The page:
Golden Globe nominee Tom Sizemore stars as baseball's talented and troubled hit king Pete Rose in the ESPN original movie HUSTLE
Pete Rose earned the nickname "Charlie Hustle" for his aggressive style on and off the field. Ironically, the same mind-set that made him Major League Baseball's all-time hit leader ultimately led to his demise. Shortly after achieving baseball immortality, Rose headed down a dark road that would lead to lifetime banishment from the game he loved. Based on the facts set forth in the 1989 Dowd Report, HUSTLE chronicles the fascinating inside life of one of baseball's greatest players.
Directed by acclaimed filmmaker Peter Bogdanovich, this DVD is the hard-hitting story of an American icon's stunning fall from grace -- complete with exclusive bonus footage and interviews from the ESPN archives.
SPECIAL FEATURES INCLUDE:
ABC Primetime Live Special With Charlie Rose
SportsCentury Interview With Pete Rose
Bart Giamatti Press Conference - "The Banishment For Life"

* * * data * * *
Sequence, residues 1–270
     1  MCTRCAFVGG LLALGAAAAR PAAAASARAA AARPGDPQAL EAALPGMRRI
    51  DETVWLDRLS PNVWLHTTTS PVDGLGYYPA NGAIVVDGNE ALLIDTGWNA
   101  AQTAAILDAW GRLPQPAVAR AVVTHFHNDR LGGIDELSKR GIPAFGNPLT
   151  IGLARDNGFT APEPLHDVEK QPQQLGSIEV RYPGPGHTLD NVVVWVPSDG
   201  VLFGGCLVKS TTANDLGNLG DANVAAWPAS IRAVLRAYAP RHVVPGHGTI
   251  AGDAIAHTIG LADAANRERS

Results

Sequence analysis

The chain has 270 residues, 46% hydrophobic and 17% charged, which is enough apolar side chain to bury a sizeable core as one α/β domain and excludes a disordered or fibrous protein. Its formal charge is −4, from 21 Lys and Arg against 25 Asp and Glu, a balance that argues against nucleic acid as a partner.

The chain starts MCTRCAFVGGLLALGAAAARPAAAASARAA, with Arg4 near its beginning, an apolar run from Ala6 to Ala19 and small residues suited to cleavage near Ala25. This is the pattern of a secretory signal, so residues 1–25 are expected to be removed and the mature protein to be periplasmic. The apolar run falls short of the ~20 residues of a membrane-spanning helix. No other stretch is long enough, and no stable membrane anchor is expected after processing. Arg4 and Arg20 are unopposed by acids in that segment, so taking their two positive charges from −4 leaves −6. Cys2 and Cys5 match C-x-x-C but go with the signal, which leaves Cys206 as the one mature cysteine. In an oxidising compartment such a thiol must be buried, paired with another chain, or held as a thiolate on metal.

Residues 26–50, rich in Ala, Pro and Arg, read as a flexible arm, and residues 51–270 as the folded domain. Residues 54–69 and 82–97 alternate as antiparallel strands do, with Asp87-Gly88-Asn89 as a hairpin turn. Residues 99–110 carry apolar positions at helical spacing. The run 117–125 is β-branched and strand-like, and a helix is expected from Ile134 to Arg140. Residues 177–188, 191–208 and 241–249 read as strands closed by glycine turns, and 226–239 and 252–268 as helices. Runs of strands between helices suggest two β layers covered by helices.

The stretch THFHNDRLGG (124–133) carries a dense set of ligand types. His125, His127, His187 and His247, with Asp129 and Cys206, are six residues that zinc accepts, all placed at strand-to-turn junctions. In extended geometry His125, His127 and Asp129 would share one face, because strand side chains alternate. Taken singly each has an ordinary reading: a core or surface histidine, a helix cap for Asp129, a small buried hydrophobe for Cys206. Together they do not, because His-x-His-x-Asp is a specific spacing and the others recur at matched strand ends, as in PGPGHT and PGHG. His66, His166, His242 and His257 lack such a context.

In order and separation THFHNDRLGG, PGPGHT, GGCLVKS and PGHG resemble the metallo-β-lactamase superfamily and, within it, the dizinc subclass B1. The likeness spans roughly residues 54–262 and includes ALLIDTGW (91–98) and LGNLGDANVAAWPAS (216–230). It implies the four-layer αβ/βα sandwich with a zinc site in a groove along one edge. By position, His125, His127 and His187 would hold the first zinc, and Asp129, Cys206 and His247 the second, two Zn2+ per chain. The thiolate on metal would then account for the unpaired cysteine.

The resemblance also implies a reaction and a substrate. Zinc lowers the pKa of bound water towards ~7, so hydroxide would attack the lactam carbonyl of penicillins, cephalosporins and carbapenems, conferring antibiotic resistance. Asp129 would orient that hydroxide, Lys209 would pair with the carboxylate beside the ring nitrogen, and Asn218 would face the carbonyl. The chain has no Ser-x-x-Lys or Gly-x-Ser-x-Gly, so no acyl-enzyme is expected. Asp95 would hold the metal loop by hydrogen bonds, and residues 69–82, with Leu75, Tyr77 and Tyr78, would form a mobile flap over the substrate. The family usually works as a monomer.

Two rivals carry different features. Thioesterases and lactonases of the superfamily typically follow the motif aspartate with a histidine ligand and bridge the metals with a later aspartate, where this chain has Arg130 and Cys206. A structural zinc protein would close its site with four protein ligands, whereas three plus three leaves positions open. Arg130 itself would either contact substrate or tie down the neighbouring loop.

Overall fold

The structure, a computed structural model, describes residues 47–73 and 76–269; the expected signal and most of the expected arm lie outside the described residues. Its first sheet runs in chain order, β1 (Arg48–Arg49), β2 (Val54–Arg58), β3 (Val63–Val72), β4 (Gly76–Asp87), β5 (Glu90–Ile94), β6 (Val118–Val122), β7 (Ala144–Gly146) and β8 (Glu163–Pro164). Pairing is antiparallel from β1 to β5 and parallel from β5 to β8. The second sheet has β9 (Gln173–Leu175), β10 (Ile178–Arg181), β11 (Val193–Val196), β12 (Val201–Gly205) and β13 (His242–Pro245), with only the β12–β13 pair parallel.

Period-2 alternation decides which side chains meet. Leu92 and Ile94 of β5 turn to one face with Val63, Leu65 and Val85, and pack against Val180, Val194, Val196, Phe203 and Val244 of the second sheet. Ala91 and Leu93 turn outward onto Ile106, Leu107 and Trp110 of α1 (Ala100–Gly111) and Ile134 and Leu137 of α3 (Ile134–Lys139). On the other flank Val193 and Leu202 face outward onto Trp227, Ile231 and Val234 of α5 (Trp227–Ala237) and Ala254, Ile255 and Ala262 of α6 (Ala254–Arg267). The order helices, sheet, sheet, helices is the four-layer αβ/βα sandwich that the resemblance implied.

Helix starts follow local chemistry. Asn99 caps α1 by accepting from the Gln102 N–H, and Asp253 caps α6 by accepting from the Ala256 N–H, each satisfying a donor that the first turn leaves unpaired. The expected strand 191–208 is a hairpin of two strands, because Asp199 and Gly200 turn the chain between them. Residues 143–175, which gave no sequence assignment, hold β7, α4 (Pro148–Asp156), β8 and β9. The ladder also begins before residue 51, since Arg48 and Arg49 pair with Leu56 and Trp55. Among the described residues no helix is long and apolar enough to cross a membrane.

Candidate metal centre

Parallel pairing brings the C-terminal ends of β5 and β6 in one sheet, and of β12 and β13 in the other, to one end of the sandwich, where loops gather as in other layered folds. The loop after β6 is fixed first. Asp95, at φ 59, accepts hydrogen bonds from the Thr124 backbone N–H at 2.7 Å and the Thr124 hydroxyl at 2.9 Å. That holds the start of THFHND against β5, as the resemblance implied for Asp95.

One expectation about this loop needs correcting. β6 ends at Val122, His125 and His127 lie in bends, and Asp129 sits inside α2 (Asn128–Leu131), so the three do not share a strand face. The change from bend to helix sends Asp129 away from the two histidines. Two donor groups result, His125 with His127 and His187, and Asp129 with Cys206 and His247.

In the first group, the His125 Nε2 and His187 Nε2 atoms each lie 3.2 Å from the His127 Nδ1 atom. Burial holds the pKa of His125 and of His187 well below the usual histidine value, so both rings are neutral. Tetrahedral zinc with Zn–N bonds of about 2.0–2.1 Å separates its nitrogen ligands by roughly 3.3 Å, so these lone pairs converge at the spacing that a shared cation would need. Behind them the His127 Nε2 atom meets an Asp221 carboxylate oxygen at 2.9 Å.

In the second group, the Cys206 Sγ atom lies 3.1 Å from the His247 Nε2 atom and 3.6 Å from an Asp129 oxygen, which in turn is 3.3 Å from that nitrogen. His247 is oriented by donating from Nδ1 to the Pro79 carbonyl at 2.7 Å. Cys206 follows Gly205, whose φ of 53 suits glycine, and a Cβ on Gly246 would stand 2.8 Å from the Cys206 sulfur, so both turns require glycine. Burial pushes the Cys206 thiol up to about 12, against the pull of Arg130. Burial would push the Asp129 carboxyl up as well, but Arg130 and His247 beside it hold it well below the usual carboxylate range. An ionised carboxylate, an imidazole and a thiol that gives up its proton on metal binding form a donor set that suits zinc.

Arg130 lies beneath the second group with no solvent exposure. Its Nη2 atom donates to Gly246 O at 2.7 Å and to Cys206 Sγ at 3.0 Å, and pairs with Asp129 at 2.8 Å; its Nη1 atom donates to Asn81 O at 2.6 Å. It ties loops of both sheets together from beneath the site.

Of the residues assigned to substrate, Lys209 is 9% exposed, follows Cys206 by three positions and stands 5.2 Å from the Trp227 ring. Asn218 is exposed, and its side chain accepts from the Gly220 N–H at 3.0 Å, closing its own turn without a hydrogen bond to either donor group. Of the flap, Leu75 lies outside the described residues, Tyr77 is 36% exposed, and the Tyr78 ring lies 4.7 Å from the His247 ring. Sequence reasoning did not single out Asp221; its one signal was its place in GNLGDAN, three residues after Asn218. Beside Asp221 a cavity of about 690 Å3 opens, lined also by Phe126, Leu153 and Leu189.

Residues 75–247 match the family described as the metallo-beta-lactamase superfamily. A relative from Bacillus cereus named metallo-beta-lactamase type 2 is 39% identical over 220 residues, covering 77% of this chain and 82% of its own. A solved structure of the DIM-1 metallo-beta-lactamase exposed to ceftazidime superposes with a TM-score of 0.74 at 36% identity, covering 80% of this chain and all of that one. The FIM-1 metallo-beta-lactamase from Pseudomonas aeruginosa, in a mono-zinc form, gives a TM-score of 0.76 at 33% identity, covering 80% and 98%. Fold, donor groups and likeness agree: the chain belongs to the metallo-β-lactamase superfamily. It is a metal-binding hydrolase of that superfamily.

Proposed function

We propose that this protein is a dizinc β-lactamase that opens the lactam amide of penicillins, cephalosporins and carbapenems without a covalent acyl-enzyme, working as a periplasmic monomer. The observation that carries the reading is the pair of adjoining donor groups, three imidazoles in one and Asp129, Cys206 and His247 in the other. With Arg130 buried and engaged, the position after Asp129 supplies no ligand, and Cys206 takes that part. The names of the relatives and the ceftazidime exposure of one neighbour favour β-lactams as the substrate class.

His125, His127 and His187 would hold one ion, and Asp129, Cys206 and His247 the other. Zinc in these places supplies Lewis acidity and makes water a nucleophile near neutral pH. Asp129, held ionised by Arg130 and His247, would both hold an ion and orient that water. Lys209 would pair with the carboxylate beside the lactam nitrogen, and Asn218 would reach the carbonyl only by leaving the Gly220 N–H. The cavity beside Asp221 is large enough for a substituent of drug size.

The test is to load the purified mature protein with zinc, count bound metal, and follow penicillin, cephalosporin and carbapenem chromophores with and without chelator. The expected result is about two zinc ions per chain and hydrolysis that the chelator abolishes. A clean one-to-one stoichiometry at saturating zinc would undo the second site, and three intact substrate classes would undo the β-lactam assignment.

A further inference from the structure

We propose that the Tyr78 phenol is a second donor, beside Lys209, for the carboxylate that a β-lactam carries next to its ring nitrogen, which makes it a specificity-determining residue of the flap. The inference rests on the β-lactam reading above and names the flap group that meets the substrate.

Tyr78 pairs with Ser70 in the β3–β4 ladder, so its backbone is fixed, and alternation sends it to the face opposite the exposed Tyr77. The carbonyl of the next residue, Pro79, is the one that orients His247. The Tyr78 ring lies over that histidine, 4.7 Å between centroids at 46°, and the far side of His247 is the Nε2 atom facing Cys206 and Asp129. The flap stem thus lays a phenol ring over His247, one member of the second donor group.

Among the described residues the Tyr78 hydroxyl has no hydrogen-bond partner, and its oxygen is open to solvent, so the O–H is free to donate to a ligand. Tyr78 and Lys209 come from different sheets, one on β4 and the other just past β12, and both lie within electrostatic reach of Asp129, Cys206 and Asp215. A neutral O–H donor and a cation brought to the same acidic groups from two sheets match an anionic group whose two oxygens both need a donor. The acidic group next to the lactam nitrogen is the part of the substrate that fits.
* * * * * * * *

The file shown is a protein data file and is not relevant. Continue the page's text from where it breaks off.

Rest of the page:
Excerpts From Paul Janszen ESPN Interview
Tommy Gioiosa On Pete Rose
John Dowd Interview With ESPN
SportsCentury Interview With John Dowd
is a taut, engrossing made-for-television feature about the downward spiral of Pete Rose in the late 1980s, when the baseball legend's gambling addiction led to his banishment from the game. Tom Sizemore perfectly captures Rose's blithe, avuncular public personality and more secretive, worrisome signs of eroding integrity as betting losses lead the Cincinnati Reds' manager to start wagering on baseball itself--including the fortunes of his own team. Peter Bogdanovich (Saint Jack
) directs an excellent cast (including Dash Mihok as the stooge who gets suckered into paying Rose's debts to a lethal bookie), and teases out a fascinating psychodrama about the depths of denial and depravity ordinary people will reach to bask in a superstar's sunlight. Melissa DiMarco makes much of a thin role as Rose's wife, Carol, whose faith in her husband's essential goodness never wavers even as she retaliates against his degeneration. --Tom Keogh